Grammar rules may not have changed, but they are tested in new ways on the digital SAT, and students must learn new strategies and develop new habits to be prepared for Test Day.
Here are 5 simple tips to help you improve on the Writing questions on the digital SAT.
- Identify the differences between answers to determine what’s important. If the differences are all about commas, semi-colons, or colons, then you need to look for clauses; if the differences are verb structures, then you need to find the subject and tense; if the differences are about apostrophes, then you need to look for possession. The differences tell us what to focus on.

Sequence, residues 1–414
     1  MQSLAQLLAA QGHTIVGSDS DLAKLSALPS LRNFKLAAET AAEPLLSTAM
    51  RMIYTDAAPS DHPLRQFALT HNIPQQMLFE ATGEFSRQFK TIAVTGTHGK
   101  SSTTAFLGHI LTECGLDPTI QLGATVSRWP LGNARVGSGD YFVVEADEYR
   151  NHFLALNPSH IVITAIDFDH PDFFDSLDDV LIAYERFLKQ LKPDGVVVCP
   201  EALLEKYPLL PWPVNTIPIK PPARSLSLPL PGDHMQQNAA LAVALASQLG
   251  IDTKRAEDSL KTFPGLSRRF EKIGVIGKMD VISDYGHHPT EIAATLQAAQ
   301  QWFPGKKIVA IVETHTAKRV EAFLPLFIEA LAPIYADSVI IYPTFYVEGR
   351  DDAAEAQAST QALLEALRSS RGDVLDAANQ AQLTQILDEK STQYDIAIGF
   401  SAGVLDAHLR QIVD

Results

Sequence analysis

- Choose short, simple answers with minimal punctuation. When in doubt, choose answers that use fewer words and less punctuation.
- Punctuate with a purpose: If you’re using punctuation, make sure you know why. Remember, “commas are for clauses not for pauses”. If you can’t explain why a piece of punctuation is needed, it’s probably unnecessary.
- Read under your breath to hear the correct phrasing. This activates a different part of our brain than when we read silently. For some questions, you might not know exactly why an answer is correct, but you can feel that it’s simply more natural when you say it out loud.
- Read the WHOLE passage to make sure you have all the information you need. The SAT loves to use long sentences, and we must consider the content and structure of the entire sentence, not just the clause we’re being asked about. Sometimes other sentences will have crucial information, too, especially when it comes to questions about tense, number agreement, and pronouns.